The first post of this series on the Environmental Petition I lodged with the federal Auditor General is: http://fishfarmnews.blogspot.ca/2016/06/cohen-commission-bc-still-waiting-for.html.
This post is the second of the series. It gives more background to the post above.
The Cohen Commission changed most everything about fish farms in BC as it was the rare occasion that recorded evidentiary evidence that no one, not DFO, not CFIA, not the BC testing system, nor the myriad conflicts of interest they and scientists have with fish farms, can disavow. There is only one future for the environmentally damaging and technologically-dated fish farms – to get out of the water and move to closed-containment recirculating systems on land. If they don’t like it they can go back to Norway because the costs of this industry far out strip the revenue and employment produced.
Fish Farms impede sustainable development. My rough calculations show that only the one cost of sewage treatment for these farms exceeds a staggering $11 Billion – and that is only one cost the BC public shoulders – against a total revenue of $469 Million and a tiny $61.9 Million in Gross Provincial Product (BC Stats Report URL below). The sustainable development is in the other three fishing sectors. In addition, there is the value for eco-tourism lost through killing of wild salmon. Not to mention the animals, though I am not aware what the value of a dead grizzly bear, or eagle is, for instance. For sea lions it is $1,538 each. The figure can be calculated from the $100,000 fine that Skuna Bay fish farm had to pay for drowning 65 sea lions in its nets. Up to 2011, fish farms have killed an estimated 11,469 sea lions and other pinnipeds in BC.
Eliminating fish farms from BCs Pacific Ocean, will increase the other three fishing sectors, the commercial sector being the one that has taken the largest hit from fish farms by their reducing local fish stocks by 50%. (3). This could result in a doubling of commercial sector employment and revenue. Note: fish farm jobs are not new jobs. They represent eliminated jobs suffered by the other three fishing sectors, particularly commercial and processing.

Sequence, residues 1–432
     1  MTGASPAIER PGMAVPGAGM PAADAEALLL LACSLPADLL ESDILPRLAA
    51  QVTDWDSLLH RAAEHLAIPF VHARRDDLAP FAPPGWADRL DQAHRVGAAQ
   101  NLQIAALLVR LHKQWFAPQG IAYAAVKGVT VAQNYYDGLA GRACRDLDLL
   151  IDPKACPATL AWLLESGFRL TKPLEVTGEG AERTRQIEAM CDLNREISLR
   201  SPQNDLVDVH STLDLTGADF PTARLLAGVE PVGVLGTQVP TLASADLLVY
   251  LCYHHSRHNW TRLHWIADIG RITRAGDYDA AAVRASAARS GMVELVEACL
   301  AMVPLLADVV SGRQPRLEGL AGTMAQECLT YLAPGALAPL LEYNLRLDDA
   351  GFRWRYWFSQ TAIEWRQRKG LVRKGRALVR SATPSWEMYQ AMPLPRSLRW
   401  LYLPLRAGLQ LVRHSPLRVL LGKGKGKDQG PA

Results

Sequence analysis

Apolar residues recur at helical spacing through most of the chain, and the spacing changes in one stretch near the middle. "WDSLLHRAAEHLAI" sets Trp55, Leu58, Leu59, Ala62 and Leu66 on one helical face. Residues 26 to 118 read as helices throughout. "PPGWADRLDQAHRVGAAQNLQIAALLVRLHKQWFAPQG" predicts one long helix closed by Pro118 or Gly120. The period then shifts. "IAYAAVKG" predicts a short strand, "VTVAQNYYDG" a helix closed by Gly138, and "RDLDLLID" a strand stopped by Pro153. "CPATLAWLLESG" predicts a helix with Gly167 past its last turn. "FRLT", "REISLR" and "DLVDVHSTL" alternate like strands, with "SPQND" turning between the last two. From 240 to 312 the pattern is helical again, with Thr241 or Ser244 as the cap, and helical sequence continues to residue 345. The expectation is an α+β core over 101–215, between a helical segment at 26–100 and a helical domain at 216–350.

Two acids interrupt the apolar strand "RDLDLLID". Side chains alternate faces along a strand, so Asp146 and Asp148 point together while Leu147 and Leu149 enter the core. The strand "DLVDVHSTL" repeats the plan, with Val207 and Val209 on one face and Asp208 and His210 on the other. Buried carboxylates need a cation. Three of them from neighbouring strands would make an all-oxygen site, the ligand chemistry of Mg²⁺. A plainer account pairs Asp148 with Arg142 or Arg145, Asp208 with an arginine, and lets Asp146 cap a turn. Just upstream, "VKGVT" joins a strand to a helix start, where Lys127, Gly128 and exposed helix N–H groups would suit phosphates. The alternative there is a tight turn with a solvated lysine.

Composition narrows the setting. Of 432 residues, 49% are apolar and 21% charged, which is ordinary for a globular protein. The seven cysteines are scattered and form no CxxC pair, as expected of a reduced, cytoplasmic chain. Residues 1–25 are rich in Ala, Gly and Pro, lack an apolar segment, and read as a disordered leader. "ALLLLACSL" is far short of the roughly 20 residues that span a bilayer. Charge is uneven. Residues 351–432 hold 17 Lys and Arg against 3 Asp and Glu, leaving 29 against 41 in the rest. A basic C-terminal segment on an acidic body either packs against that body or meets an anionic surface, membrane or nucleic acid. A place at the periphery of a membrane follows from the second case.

The Aquaculture sector (much broader than simply fish farms) comprises only 9.3% of BC Gross Provincial Product attributable to the four fishing sectors. The other three sectors comprise 90.7%. The actual fish farm employment stats for 2011 was a very low 840 actual jobs (they mistakenly released them, and I gathered up the figures and references and they are maintained on my files).
Commercial sector jobs lost are 1,400 alone, when 50% loss of wild salmon stocks are accounted for. Then there are losses in the processing sector and sport sector.
DFO paid BC Stats to come up with the current figures on the fishing sectors: http://www.bcstats.gov.bc.ca/StatisticsBySubject/BusinessIndustry/FisheriesAquacultureHuntingTrapping.aspx, but then failed to take them into account and have not reported any relationship, other than its name being on the cover. Why? Because the real BC Stats fish farm figures are way lower than the ones from industry and DFO. For example, the fish farm number for employment and revenue is: 6,000 jobs and $800 million revenue. As calculated above, any industry employment number can be divided by 7.3 to arrive at the actual number of jobs; and revenue figures by 2.
Also note that fish farm employment drops over time as they introduce lights and feeding machines so workers are not required. There is also the added, as yet unvalued loss, of herring and salmonid stocks that are attracted into fish farm nets at nights under the lights. They get eaten; they get diseases and die.
Fish farms eliminate sustainable development in the BC coastal region and need to be removed from the ocean as the disease hearings portion of the Cohen Commission made clear.
After Morton vs DFO, Judge Christopher Hinkson concluded in his February 2009 ruling that BC fish farms fall under federal jurisdiction. The province of BC retains only site licences, which it can revoke in 60 days. The Cohen Report is the most important environmental document regarding the outcomes for wild BC salmon for more than two decades since the Pearse report.
Petition questions and/or requests:
Dear DFO Minister Gail Shea:
- It is one year since the $26.4 Million Cohen Commission on Decline of Fraser River Sockeye delivered its report to DFO. One year later, I would like to know: What concrete results, and detail them individually, with associated timelines and funding that DFO has committed or expensed to resolve each of the 75 environmental recommendations in the three volume Cohen Report on the Decline of Fraser River Sockeye: http://www.cohencommission.ca/en/FinalReport/. The recommendations are pages 105 – 115, of Volume 3. I am speaking of the boldfaced recommendations and the concrete results DFO has taken to achieve each of the 75 recommendations that can also be found in a Cohen PDF of Chapter 2, Volume Three.
DC (Dennis) Reid